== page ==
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The Brode Report
The Brode Report | Aug 2016

David BrodeHi,

I have to start with a quick shout out to Olympic National Park, where I camped with Eleanor and Jacob and Ollie this month. If you haven’t seen it, it’s like the happiest forest you’ve ever seen, with huge trees and ferns and moss everywhere. You expect to see a triceratops walk by or see a wizard casting a spell. And if you have seen it, you know what I mean.

I realize the piece below is a bit more technical than I usually go, but you know I’m passionate about the craft of modeling and so please allow me to geek out a bit.



I created a short video where I describe some unique features of a financial model that I developed for a client that raised over $350 million. You can see it at brodetelecom.com/model-overview.

Overuse of the MATCH Function in Excel

match overuse
Ok, this is a more technical newsletter, but I’ve now seen the same issue twice in a month so it bears mentioning. Typically I think someone is a pretty sophisticated Excel user when I see them use the MATCH function. What I’m seeing is the overuse of MATCH.

Quick background/refresher on MATCH:

“The MATCH function searches for a specified item in a range of cells, and then returns the relative position of that item in the range. For example, if the range A1:A3 contains the values 5, 25, and 38, then the formula =MATCH(25,A1:A3,0) returns the number 2, because 25 is the second item in the range.”

From the Microsoft Office Help article on MATCH.

Why do I care about the overuse of MATCH?

  • It’s slow. Looking up a number inside a string is fine, but when you ask Excel to do it tens of thousands of times that extra computational work adds up.
  • Occum’s razor suggests we should find the simplest way to explain the formula, and MATCH often overcomplicates. Making models more readable reduces errors and increases flexibility.

The first case I saw used MATCH in the following situation. You need to grab data from somewhere else in the worksheet, which has line items down the rows and months across the columns. This is an extremely common situation. As is most often the case, you’re referencing data from the same month as the cell you’re in. Now, you know the data is in row 44, and you’re in J57 which, as J5 tells you, is Jan-17. The formula I saw was:


Whereas I would have used the simple formula


Which certainly wins for simplicity’s sake. But let’s break down that INDEX formula. It’s saying to look at the array from J44:AK44, i.e. the data for every time period and then the “,1” part is saying to use the first row (of our one-row array), and then over a MATCH… number of columns. The MATCH function looks at the list of dates from J5:AK5 and tells you how many columns down the sequence you are, so you go that many columns over to get the data in row 44. Thus we looked up Jan-17 in the list of dates and found that it’s the first column. We then went to J44:AK44 and looked in the first column of that: J44. Bingo. The builder of that spreadsheet was worried about grabbing the wrong column and so did that. My preferred solution is to say that if I’m in J, I pretty much know I can reference data in J and it stands out if it’s otherwise. I certainly make sure that I have consistent time structures across pages, e.g. 2022 is in column BH on every page of the model. But to mess that up within a page? C’mon. This is a solution in search of a problem.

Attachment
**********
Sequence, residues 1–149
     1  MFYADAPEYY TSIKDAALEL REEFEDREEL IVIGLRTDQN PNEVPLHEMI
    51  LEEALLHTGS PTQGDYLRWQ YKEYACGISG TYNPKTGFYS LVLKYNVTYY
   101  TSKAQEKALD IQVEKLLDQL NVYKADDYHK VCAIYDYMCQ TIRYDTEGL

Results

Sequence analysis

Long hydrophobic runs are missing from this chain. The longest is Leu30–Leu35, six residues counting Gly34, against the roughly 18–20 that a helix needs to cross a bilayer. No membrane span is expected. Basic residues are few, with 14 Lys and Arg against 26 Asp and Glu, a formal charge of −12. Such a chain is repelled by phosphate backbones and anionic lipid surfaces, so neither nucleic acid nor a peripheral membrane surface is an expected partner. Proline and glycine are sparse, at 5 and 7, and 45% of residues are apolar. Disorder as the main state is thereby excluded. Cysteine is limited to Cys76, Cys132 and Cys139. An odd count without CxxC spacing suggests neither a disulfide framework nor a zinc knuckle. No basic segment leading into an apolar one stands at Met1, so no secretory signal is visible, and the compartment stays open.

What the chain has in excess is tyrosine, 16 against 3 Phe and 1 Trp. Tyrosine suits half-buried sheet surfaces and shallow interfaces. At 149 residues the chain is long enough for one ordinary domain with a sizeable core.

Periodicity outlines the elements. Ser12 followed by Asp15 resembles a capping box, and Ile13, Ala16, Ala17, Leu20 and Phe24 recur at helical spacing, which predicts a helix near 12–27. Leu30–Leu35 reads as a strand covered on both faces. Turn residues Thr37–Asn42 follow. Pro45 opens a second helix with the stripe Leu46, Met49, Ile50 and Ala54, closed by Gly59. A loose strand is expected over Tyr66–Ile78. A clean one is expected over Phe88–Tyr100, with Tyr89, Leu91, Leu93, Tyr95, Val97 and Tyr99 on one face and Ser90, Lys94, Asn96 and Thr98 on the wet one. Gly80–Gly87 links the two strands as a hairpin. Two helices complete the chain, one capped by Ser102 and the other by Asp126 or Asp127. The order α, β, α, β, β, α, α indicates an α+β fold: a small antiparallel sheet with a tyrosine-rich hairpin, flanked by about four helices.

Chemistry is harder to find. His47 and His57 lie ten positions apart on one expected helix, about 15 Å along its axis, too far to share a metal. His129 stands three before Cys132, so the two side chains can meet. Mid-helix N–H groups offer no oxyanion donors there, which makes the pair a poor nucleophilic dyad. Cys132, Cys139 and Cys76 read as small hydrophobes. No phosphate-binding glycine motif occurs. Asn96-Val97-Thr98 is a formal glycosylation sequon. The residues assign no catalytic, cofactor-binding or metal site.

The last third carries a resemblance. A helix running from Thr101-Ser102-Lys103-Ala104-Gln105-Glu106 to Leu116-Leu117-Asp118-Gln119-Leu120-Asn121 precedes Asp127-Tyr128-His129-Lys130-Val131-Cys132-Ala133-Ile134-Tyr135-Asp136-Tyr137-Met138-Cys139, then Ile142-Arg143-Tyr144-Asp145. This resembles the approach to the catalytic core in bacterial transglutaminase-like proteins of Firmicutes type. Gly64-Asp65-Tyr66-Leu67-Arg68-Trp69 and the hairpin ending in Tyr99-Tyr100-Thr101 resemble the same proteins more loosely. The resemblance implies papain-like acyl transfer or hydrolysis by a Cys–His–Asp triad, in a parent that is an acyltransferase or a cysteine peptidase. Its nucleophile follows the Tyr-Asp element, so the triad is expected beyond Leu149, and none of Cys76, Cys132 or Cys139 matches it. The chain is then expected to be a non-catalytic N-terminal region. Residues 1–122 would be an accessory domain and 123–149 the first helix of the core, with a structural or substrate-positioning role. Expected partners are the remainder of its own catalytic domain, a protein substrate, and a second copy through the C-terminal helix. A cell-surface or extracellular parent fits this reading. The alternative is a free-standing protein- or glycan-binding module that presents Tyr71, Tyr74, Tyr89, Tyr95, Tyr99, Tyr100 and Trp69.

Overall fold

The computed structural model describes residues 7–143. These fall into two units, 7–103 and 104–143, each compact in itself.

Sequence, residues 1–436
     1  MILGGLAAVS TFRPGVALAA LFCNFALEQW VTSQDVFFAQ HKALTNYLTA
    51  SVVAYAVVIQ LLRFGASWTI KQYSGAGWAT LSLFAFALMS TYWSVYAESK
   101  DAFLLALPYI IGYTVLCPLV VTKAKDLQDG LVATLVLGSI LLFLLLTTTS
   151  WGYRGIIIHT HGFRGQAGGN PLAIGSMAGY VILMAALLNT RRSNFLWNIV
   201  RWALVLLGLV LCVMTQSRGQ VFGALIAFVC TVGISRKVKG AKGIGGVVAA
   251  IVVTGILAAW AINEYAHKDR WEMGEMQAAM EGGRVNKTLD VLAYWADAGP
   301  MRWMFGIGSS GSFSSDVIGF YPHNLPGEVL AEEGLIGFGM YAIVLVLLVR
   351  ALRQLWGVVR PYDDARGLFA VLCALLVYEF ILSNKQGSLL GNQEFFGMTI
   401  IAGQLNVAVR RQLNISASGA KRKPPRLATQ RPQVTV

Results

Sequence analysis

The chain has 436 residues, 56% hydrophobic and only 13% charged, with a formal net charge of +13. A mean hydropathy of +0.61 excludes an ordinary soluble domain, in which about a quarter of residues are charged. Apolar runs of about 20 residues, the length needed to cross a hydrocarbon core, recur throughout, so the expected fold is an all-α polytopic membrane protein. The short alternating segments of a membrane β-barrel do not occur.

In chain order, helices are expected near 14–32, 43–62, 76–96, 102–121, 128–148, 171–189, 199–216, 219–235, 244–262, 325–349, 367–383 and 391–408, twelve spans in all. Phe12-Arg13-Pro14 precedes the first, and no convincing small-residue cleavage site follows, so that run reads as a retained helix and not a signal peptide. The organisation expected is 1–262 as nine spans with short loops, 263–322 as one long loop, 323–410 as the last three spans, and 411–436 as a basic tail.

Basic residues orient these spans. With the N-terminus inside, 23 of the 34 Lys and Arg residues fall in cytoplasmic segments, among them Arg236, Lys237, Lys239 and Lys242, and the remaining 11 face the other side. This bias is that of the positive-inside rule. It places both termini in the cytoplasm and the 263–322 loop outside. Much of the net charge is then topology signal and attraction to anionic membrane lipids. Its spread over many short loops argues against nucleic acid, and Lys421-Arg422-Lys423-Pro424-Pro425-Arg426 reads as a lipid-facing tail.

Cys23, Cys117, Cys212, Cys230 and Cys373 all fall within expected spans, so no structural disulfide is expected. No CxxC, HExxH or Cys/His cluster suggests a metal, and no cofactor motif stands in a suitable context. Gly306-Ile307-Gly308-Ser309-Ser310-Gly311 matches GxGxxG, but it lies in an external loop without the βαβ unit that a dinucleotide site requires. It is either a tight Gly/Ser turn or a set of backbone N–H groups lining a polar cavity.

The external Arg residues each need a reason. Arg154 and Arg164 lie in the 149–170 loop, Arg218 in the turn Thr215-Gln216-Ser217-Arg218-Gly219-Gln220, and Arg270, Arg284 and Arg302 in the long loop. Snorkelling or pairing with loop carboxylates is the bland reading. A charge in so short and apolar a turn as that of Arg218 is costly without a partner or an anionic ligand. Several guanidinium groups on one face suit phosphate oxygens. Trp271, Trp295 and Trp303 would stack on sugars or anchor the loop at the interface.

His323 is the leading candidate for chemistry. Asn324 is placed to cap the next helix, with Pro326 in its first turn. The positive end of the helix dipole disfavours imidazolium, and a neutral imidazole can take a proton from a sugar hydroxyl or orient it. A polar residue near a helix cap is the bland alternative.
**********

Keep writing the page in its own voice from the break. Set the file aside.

The second example I have concerns populating a series of months. So picture this: you have input legal costs for each of five years on row 5, labeled as Y1-Y5 in columns G:K. In columns N:BK are the 60 months that make up Y1-Y5. In row 2 from G:BK has the year (1-5) and row 3 lists the month names for N:BK. So your goal is to write a formula that grabs the cost from the proper year and divide it by 12. The MATCH formula I saw did this:


In other words, I’m in N5, so I look up to row 2 and see that I’m in Year 1 from the 1 in N2. So I look into G2:K2 and find out where 1 is in that sequence of 1-5, and I find out it’s the first column. So then I can go to G5:K5 and grab the first one of that sequence, G5.

I prefer something simpler:

=OFFSET ($F5, 0, N$2)

Translating: From column F, move over N2 columns and grab that number. An added bonus: Excel is blindingly fast at using OFFSET.

MATCH certainly has it’s place. I used it regularly when processing lists and matching up different data sets. But for a financial forecasting model? I often find OFFSET to be the better choice.

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The Brode Group
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